At KubeCon EU 2016 in London, I gave a first talk about using BPF and Kubernetes together . I was presenting a proof of concept to introduce various degraded network scenarios in specific pods for testing the reliability of apps. There was not a lot of BPF + Kubernetes talks back then. In the meantime, Kinvolk has worked on various projects mixing Kubernetes and BPF together. The latest such project is our own Inspektor Gadget , a collection of “gadgets” for debugging and inspecting Kubernetes applications.
Today I would like to introduce Inspektor Gadget’s newest gadget that helps to write proper Kubernetes network policies.
Writing Kubernetes network policies easily
Securing your Kubernetes clusters is a task that involves many aspects: controlling what goes into your container images, writing RBAC rules for different users and services, etc. Here I focus on one important aspect: network policies.
At Kinvolk we regularly do security assessments of Kubernetes in the form of penetration testing for customers. Sometimes, the application is Kubernetes native and the network policies are developed at the same time as the application. This is ideal because the development team has a clear idea of which pod is supposed to talk to which pod. But sometimes, a pre-Kubernetes application is ported to Kubernetes and the developer tasked with writing the network policies may not have a clear idea of the architecture. Architecture documents might be missing or incomplete. Adding pod security as an afterthought might not be ideal, but thankfully the Network Policy Advisor in Inspektor Gadget can help us here.
The Network Policy Advisor workflow
A workflow we suggest that can improve things is to deploy the application in a development cluster and let Inspektor Gadget monitor and analyse the network traffic so it can suggest network policies. The developer can then review the output and add them in the project.
We will use GoogleCloudPlatform’s microservices-demo application as an example. Its kubernetes-manifests.yaml contains various deployments and services but no network policies.
After preparing a “demo” namespace, let’s ask Inspektor Gadget to monitor the network traffic from this namespace:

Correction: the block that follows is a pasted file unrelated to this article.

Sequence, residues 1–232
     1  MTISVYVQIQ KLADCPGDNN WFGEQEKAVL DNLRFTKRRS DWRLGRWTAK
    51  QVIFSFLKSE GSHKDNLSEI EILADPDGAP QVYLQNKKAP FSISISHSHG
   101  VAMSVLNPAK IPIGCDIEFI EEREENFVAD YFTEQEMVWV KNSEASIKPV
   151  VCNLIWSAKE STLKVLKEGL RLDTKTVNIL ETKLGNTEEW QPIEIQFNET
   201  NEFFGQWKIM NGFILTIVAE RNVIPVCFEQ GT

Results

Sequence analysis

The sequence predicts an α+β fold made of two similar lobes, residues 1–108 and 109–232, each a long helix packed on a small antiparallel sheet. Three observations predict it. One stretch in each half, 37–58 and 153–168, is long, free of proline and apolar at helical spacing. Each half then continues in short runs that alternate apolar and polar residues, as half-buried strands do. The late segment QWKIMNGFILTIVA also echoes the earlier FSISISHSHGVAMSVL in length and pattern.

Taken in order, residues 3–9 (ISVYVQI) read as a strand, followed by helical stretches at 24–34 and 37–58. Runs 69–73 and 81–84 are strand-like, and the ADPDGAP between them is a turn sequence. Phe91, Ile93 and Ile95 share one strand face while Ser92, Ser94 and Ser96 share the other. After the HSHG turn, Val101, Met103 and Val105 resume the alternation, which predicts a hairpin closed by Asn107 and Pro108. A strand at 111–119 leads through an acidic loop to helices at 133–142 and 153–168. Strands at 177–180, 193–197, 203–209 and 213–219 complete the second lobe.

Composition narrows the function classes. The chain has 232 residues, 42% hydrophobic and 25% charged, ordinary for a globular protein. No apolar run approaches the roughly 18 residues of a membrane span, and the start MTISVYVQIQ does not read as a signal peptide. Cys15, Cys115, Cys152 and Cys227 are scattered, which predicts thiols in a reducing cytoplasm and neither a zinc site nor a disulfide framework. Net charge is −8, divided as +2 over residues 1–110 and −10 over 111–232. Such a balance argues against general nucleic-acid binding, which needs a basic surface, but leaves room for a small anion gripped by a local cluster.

$ kubectl gadget network-policy monitor \ --namespaces demo \ --output ./networktrace.log
While it’s running in the background, deploy the application in the demo namespace from another terminal:
$ wget -O network-policy-demo.yaml https://raw.githubusercontent.com/GoogleCloudPlatform/microservices-demo/ccff406cdcd3e043b432fe99b4038d1b4699c702/release/kubernetes-manifests.yaml $ kubectl apply -f network-policy-demo.yaml -n demo
Once the demo is deployed and running correctly, we can see all the pods in the demo namespace:
$ kubectl get pod -n demo NAME READY STATUS RESTARTS AGE adservice-58c85c77d8-k5667 1/1 Running 0 44s cartservice-579bdd6865-2wcbk 0/1 Running 1 45s checkoutservice-66d68cbdd-smp6w 1/1 Running 0 46s currencyservice-65dd85f486-62vld 1/1 Running 0 45s emailservice-84c98657cb-lqwfz 0/1 Running 2 46s frontend-788f7bdc86-q56rw 0/1 Running 1 46s loadgenerator-7699dc7d4b-j6vq6 1/1 Running 1 45s paymentservice-5c54c9887b-prz7n 1/1 Running 0 45s productcatalogservice-7df777f796-29lmz 1/1 Running 0 45s recommendationservice-89547cff8-xf4mv 0/1 Running 1 46s redis-cart-5f59546cdd-6rq8f 0/1 Running 2 44s shippingservice-778db496dd-mhdk5 1/1 Running 0 45s
At this point, the different pods will have communicated with each other. The networktrace.log file contains one line per TCP connection with enough details to be able to infer network policies later on.
Let’s stop the network monitoring by Inspektor Gadget using Ctrl-C, and generate the Kubernetes network policies:
$ kubectl gadget network-policy report \ --input ./networktrace.log > network-policy.yaml
Note: Here we are running Inspektor Gadget as a kubectl subcommand. You could
also run it as a stand-alone binary using
One of the network policies it creates is for the cartservice: Inspektor Gadget noticed that it received connections from the frontend and initiated connections to redis-cart. It displays the following suggestion accordingly:
apiVersion: networking.k8s.io/v1 kind: NetworkPolicy metadata: creationTimestamp: null name: cartservice-network namespace: demo spec: egress: - ports: - port: 6379 protocol: TCP to: - podSelector: matchLabels: app: redis-cart ingress: - from: - podSelector: matchLabels: app: frontend ports: - port: 7070 protocol: TCP podSelector: matchLabels: app: cartservice policyTypes: - Ingress - Egress
As you can see, it converted the set of connection tuples into a set of network policies using usual Kubernetes label selectors instead of IP addresses.
Of course, those automatically-produced network policies should not be used blindly: a developer should verify that the connections observed are legitimate. The Network Policy Advisor gadget has some limitations too (see #39 ), but it’s a lot easier to review them and possibly make some small changes, rather than writing them from scratch with a frustrating trial and error development cycle. This saves precious development time and likely costs too.
Inspektor Gadget has useful features for developers of Kubernetes applications. As an Open Source project, contributions are welcome. Join the discussions on the #inspektor-gadget channel in the Kubernetes Slack or, if you want to know about our services related to pentesting and security, reach us at [email protected] .